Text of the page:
Van der Waals molecule
A van der Waals molecule is a stable cluster consisting of two or more molecules held together by van der Waals forces or by hydrogen bonds. The name originated in the beginning of the 1970s when stable molecular clusters were regularly observed in molecular beam microwave spectroscopy. In (supersonic) molecular beams temperatures are very low (usually less than 5 K). At these low temperatures van der Waals (vdW) molecules are stable and can be investigated by microwave and far-infrared spectroscopy. Also in cold equilibrium gases vdW molecules are formed, albeit in small, temperature dependent, concentrations. Rotational and vibrational transitions in vdW molecules have indeed been observed in gases, mainly by UV and IR spectroscopy.
Van der Waals molecules are usually very non-rigid and different versions are separated by low energy barriers, so that tunneling splittings, observable in far-infrared spectra, are relatively large. Thus, in the far-infrared one may observe intermolecular vibrations, rotations, and tunneling motions of vdW molecules (VRT spectroscopy). The VRT spectroscopic study of vdW molecules is one of the most direct routes to the understanding of intermolecular forces.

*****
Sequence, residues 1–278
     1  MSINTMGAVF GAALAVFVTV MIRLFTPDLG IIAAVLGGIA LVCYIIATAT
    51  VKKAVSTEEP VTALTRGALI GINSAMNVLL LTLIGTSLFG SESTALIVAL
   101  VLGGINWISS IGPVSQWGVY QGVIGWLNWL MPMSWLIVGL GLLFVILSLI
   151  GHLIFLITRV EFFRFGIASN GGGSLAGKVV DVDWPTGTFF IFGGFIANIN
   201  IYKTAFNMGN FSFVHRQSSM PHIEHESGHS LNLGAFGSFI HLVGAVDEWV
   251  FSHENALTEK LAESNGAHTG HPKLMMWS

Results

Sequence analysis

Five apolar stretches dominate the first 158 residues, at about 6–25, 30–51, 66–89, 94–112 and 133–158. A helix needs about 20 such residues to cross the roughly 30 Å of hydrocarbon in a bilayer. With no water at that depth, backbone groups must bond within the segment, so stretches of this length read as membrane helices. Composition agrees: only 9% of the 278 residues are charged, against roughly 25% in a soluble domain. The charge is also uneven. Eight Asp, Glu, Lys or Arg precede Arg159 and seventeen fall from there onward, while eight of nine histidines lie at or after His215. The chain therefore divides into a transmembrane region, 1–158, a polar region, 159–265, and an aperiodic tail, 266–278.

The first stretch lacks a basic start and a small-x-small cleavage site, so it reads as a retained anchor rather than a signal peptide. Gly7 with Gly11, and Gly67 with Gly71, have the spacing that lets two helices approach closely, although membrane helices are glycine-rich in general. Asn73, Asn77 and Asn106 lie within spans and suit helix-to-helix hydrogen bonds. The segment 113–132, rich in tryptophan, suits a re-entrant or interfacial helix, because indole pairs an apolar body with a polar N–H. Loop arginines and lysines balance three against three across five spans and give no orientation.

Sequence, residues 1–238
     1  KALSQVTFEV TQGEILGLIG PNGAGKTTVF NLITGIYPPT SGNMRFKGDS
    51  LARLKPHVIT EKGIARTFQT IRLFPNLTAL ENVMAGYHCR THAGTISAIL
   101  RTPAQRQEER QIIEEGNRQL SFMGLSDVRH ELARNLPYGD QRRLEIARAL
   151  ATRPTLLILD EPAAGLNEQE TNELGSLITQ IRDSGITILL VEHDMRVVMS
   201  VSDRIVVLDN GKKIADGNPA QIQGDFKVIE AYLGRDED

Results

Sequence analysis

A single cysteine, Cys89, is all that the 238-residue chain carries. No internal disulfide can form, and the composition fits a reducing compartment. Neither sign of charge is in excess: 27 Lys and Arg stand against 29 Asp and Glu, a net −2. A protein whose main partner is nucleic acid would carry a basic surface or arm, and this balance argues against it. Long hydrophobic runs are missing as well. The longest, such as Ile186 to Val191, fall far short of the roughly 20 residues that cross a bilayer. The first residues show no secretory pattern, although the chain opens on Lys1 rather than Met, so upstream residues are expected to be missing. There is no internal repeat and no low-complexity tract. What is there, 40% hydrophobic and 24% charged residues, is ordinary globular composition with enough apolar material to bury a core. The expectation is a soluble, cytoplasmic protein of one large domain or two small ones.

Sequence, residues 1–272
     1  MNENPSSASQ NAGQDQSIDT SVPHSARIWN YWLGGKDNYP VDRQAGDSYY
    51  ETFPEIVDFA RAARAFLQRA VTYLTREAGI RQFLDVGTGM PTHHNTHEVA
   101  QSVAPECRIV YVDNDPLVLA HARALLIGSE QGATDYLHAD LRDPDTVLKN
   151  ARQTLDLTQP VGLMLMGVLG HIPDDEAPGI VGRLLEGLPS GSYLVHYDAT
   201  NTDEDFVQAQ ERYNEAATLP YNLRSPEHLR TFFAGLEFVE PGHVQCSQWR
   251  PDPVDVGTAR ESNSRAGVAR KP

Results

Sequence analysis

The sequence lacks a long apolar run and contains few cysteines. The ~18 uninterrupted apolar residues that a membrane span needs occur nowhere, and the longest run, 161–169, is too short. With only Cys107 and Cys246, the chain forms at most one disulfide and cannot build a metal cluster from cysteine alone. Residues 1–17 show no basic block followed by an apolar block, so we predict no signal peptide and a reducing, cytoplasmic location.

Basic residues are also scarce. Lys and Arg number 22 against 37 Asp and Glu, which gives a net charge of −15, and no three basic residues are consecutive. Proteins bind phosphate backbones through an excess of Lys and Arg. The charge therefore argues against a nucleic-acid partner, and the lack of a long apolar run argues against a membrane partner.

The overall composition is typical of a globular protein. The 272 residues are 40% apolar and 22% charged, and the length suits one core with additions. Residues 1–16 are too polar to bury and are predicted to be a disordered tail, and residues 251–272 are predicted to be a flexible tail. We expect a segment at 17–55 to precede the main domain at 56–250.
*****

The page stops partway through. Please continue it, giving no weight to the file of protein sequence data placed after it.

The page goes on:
Examples of well-studied vdW molecules are Ar2, H2-Ar, benzene-Ar, (H2O)2, and (HF)2
- So far three special issues of Chemical Reviews were devoted to vdW molecules: I. Vol. 88(6) (1988). II. Vol. 94(7) (1994). III. Vol. 100(11) (2000).
- Early reviews of vdW molecules: G. E. Ewing, Accounts of Chemical Research, Vol. 8, pp. 185-192, (1975): Structure and Properties of van der Waals molecules. B. L. Blaney and G. E. Ewing, Annual Review of Physical Chemistry, Vol. 27, pp. 553-586 (1976): Van der Waals Molecules.
- About VRT spectroscopy: G. A. Blake, et al., Review Scientific Instruments, Vol. 62, p. 1693, 1701 (1991). H. Linnartz, W.L. Meerts, and M. Havenith, Chemical Physics, Vol. 193, p. 327 (1995).